Catherine O’Rourke, author of today’s post, and Aisling Swaine co-authored the UN Women (2015) Guidebook on CEDAW General Recommendation Number 30 and the UN Security Council Resolutions on Women, Peace and Security.
A key conclusion of the Global Study on UN Security Council Resolution 1325 was the need for improved synergies between the treaty-based human rights system and the Women, Peace and Security (WPS) agenda:
To fully realize the human rights obligations of the women, peace and security agenda, all intergovernmental bodies and human rights mechanisms must act in synergy to protect and promote women’s and girls’ rights at all times, including in conflict and post-conflict situations. (page 350)
The drive towards improved synergies between WPS and broader human rights obligations was given significant impetus in October 2013, when the monitoring Committee of CEDAW adopted General Recommendation Number 30 on the rights of women in conflict prevention, conflict and post-conflict situations. The Committee called on CEDAW state parties to inter alia ensure that implementation of their WPS commitments was taking place within the broader equality and women’s rights obligations of CEDAW. Further, state parties are called to report on implementation of their WPS commitments in their periodic reports to CEDAW.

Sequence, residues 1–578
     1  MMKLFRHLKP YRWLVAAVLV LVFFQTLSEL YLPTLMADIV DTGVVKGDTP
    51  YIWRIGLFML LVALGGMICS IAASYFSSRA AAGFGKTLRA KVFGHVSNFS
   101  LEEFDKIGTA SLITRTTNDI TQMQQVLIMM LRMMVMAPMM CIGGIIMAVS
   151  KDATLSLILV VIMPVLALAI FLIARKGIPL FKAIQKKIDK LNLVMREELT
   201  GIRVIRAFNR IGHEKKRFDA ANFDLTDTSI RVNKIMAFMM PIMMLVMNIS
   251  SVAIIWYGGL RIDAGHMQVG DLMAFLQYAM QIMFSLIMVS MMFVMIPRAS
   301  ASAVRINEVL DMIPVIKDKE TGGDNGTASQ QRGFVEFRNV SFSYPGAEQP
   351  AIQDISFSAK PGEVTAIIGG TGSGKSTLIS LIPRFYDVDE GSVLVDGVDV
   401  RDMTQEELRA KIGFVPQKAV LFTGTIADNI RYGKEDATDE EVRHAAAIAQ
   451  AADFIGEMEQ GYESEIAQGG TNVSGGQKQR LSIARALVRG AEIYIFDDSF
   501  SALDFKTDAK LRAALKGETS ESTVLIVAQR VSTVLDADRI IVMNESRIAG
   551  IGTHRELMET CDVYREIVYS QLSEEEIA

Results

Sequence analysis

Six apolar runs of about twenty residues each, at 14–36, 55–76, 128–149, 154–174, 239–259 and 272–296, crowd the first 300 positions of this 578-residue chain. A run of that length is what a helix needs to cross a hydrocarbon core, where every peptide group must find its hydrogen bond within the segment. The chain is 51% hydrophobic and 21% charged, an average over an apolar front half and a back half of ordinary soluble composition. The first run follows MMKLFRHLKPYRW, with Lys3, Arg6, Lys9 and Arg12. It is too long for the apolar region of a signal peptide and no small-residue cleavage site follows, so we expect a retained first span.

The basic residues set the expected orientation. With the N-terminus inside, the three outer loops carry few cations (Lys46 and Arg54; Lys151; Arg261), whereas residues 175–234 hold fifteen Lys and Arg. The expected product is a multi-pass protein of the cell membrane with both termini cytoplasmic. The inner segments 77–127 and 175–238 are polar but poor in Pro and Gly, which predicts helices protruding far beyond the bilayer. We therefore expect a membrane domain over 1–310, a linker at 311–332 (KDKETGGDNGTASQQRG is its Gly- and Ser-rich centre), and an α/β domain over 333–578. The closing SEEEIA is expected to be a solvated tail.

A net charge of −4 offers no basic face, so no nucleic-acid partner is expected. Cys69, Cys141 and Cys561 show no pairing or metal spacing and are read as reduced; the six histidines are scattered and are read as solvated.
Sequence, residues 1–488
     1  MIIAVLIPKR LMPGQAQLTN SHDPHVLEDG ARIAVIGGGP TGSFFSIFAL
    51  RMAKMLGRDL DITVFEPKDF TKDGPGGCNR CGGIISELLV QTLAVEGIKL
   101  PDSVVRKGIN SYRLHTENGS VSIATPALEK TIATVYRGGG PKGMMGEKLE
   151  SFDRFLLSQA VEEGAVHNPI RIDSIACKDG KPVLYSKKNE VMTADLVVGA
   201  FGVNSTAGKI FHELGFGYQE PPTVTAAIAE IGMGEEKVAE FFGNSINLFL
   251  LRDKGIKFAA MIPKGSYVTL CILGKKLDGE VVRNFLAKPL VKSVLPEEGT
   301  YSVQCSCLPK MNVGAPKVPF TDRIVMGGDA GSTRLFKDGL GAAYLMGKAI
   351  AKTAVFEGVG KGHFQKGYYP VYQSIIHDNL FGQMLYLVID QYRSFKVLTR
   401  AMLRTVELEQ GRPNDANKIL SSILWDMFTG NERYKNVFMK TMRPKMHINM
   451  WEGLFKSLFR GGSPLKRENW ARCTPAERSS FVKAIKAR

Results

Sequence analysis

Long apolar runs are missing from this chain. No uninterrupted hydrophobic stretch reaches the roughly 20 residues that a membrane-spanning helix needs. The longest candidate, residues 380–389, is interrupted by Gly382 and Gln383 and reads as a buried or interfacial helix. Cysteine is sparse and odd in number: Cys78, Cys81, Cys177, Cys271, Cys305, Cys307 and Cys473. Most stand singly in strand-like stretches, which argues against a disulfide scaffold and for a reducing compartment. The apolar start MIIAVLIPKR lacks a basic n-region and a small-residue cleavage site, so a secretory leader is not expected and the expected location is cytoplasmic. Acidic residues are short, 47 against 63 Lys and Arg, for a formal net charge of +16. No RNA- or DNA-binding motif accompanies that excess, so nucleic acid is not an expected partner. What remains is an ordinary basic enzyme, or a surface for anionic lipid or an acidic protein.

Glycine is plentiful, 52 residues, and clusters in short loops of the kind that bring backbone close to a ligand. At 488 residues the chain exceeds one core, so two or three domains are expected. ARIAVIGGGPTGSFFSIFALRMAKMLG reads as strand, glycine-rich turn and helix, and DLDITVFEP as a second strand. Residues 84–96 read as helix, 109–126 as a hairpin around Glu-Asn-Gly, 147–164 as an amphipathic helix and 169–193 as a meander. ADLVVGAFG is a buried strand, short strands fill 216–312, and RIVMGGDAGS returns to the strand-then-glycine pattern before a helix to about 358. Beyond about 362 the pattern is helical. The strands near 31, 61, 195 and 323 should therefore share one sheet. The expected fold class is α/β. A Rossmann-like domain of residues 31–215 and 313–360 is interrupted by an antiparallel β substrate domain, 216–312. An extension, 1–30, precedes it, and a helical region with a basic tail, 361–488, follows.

The recent Arria Formula meeting between the UN Security Council and representatives from civil society, UN Women and the CEDAW Committee was an important milestone in the continued pursuit of such synergies. Held in UN Headquarters in New York on December 5, 2016, the meeting was convened by Security Council non-permanent member Uruguay. It was formally addressed by Yannick Glemarec, UN Women; Pramila Patten, CEDAW Committee; and Maria Victoria Cabrera-Balleza, Global Network for Women Peacebuilders. The speakers emphasized the following three dividends to be gained:
Information: Improved information sharing between the CEDAW Committee and the Security Council was identified as an important benefit of improved synergies. For example, the Security Council’s assessment of country situations should be informed by the CEDAW Committee’s assessment of women’s rights in the same country, gleaned through state reporting, shadow reporting and the women’s rights issues prioritised in Committee’s Concluding Observations to states. Likewise, the CEDAW Committee could draw on the Security Council activities in situations on its agenda to identify issues for further exploration through state reporting.
Civil Society Participation: The CEDAW process of periodic state examination, as well as broad standing for individual communications and inquiry requests under the CEDAW Optional Protocol, were identified as offering particular opportunities for civil society participation without significant parallel in the WPS resolutions.
Feminist Framing: The clear emphasis of the CEDAW Convention, Committee and General Recommendation Number 30 on women’s human rights, conflict prevention per se (as distinct from the narrower question of women’s role in conflict prevention) and disarmament (for example, the role of the Arms Trade Treaty in advancing WPS) was repeatedly noted. This mooted feminist framing offered a worthy counterpoint to the security and sexual violence focused activities of the Security Council.